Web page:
•Allergies, such as flea allergy dermatitis, adverse food reactions, environmental allergies, etc.
All of these conditions can become serious and, if untreated, dramatically reduce quality of life. But the tremendous strides made in veterinary innovation, however, is very good news for our pets. Specifically, the testing and treatments for allergies now rivals human healthcare in its sophistication, quality of care and long-term health outcomes.
Unlike humans, dogs and cats cannot tell us about their dermatological health issues. So we as pet owners must look for the signs. The most common indicators that a pet is suffering from some kind of allergy involve frequent episodes of ear infections, red raised or open sores on the skin, constant licking or biting of paws or groin — sometimes causing wounds that will not go away.
Allergies present a particular challenge because there can be hundreds (even thousands) of potential allergens that impact pet health, from foods to pollen from grasses, weeds, trees, dust mites and more. Today’s specialty veterinary hospitals have access to the very latest diagnostic tests to get to the bottom of what’s ailing our pet. Among these tests is the Intra Dermal Test (IDT).
IDT is generally considered the gold standard of testing for identifying allergens that cause pets to suffer from chronic skin and/or ear diseases. IDT involves injections of a series of concentrated allergens into the skin to determine which of them generate allergic reactions in a given animal. The use of fluorescein — a chemical that illuminates the inflammation caused by the injected allergens in order to visualize the strength of individual reactions — is key to accurately diagnosing pet allergies, and is just one of the many ways veterinarians use new technologies to improve care and diagnostics.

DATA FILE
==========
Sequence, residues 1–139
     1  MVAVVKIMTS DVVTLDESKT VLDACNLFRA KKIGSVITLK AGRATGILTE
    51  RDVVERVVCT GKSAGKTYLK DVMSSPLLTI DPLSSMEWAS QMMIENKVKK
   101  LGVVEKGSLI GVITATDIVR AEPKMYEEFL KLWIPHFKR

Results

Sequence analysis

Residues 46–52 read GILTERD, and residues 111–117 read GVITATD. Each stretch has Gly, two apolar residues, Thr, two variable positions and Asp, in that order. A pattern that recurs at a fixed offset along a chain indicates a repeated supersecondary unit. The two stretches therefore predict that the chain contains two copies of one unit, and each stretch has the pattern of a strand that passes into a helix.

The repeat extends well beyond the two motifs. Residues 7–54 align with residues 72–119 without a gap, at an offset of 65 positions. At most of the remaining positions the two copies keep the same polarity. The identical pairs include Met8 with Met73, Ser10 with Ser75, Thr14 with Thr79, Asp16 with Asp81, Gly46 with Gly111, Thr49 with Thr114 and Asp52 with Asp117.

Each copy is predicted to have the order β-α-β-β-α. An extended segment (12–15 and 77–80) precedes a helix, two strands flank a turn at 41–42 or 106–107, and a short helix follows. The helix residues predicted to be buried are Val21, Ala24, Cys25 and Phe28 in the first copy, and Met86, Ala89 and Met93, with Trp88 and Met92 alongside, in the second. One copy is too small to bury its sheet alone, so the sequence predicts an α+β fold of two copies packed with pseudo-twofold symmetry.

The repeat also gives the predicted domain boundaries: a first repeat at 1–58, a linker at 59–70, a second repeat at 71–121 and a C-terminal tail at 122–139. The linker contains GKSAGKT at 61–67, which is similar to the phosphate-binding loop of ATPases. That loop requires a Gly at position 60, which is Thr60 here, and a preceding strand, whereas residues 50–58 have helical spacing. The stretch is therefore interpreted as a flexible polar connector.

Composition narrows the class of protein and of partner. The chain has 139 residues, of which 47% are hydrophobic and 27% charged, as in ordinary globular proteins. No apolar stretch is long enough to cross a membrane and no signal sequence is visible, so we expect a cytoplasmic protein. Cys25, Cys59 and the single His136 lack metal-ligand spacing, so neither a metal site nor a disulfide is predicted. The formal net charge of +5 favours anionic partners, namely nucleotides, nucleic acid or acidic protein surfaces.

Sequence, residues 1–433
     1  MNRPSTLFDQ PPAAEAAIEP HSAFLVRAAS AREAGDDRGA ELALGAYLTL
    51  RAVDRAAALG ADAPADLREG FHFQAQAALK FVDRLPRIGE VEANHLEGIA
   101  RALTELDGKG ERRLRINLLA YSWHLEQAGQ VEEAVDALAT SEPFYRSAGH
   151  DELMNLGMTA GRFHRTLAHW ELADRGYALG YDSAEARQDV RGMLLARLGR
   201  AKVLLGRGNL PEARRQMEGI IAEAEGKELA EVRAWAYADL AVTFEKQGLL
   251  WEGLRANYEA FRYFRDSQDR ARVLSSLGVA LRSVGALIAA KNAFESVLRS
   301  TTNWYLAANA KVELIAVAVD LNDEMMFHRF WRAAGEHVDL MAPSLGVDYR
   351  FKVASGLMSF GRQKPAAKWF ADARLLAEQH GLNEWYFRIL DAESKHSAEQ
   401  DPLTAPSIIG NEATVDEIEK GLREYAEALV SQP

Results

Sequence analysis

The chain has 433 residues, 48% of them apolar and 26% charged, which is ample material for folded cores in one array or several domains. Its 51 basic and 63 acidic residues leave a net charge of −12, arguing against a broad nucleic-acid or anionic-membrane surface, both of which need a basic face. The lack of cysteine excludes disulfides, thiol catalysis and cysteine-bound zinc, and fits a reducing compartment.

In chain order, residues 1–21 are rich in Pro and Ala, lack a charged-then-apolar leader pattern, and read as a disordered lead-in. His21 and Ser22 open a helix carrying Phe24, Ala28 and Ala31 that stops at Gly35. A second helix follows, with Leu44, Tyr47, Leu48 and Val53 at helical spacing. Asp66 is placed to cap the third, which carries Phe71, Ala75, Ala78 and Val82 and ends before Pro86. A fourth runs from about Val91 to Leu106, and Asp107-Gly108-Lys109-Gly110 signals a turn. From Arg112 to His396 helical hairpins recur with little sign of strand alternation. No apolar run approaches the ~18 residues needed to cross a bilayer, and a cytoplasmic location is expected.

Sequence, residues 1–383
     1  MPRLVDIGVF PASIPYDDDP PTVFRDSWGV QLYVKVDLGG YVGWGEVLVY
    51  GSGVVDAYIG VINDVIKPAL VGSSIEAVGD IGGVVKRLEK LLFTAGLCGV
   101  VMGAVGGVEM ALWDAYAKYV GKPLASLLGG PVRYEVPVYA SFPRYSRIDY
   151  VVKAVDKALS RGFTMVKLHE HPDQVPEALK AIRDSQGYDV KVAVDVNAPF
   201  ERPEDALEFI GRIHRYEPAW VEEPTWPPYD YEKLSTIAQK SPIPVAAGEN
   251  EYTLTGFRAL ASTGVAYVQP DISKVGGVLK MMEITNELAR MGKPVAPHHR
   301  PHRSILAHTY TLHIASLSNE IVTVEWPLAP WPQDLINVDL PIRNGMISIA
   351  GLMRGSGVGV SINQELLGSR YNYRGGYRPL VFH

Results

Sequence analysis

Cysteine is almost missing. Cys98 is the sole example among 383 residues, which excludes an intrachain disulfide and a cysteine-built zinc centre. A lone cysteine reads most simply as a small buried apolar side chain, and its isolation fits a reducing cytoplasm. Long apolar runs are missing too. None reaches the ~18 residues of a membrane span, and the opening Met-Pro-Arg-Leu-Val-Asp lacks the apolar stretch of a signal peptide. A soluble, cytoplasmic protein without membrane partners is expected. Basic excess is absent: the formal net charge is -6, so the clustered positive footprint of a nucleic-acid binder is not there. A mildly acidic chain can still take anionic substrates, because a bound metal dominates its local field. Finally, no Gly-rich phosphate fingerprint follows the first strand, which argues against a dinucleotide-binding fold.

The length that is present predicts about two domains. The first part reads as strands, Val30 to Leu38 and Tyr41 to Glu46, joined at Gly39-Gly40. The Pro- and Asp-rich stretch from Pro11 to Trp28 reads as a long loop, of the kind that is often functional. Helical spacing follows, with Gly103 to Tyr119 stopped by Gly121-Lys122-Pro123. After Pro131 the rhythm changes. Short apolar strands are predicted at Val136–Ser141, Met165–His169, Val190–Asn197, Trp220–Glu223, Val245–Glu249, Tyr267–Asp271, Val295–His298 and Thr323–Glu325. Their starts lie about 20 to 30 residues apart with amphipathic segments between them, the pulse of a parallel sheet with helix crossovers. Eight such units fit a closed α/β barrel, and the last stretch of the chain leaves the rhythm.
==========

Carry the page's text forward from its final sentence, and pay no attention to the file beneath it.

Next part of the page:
The results of IDT (as well as a review of the pet’s medical history) can then inform comprehensive immunotherapy treatments to relieve suffering. Veterinary dermatologists rely on IDT to build customized treatment plans for patients called Allergen Specific Immuno Therapy or “ASIT” for short.
ASIT involves a series of injections specifically created for the allergic animal’s skin. These injections, of diluted allergens, are designed to make a pet less sensitive to their allergens over time. In most cases these injections must be continued for life to reduce symptoms, but they are highly effective. Seventy to 90 percent of pets experience a reduction in symptoms as a result of ASIT treatment. These treatments can be delivered even more easily via droplets under the tongue, perfect for pet owners who are squeamish about giving injections to their pet.
This treatment is very new to the North American field of medicine (both human and veterinary) and underscores just how far innovation in veterinary medicine has come.
When it’s time to see the vet
Many pet owners are understandably concerned about taking their animals to the veterinarian because the cost (to say nothing of the fear some animals experience when going do the doctor) may outweigh any perceived reduction in suffering. To help pet owners know when it’s time to bring Fido to the doctor I’ve compiled my “Top Ten” list of dermatological symptoms that should never be ignored:
•Intense itching of the skin (head shaking, running the face into the carpet, furniture, etc.)
•Biting at the skin that creates red, raw crusting areas of the skin
•Multiple ear infections (head shaking, odor from ears, scratching at the ears with hind legs)
•Paw licking or chewing and frequent infections of the skin in the webbed skin of the paws
•Staining of the fur of the paws and nails on multiple feet
•Reoccurring skin infections in the groin, under the shoulders, perianal areas (on or under the tail)
•Greasy scaling skin and/or fur with odorous skin
•Hair loss, or thinning of the fur
•Dark pigmentation of the skin that is chronically infected
•Sudden depigmentation of skin
Allergies and other dermatological issues can be as frustrating for pet owners and their veterinarians as they can be for pets. I encourage any pet owner whose animal is experiencing any of these symptoms to consult with their veterinarian.
I’m poor so I didn’t ask the vet for a skin scrape. I did research and discovered that yes, my pretty girl dog was yeasty, and yes, there is help. If you go to the DERMagic website, they have a TON of great info on skin conditions. They also have a great product (we’ve used it on our Golden and it works so well!). Finally, get some FOOD GRADE DE powder & powder your dog with this. It’s cheap and lasts forever, but be sure to get FOOD GRADE. It also isn’t harmful.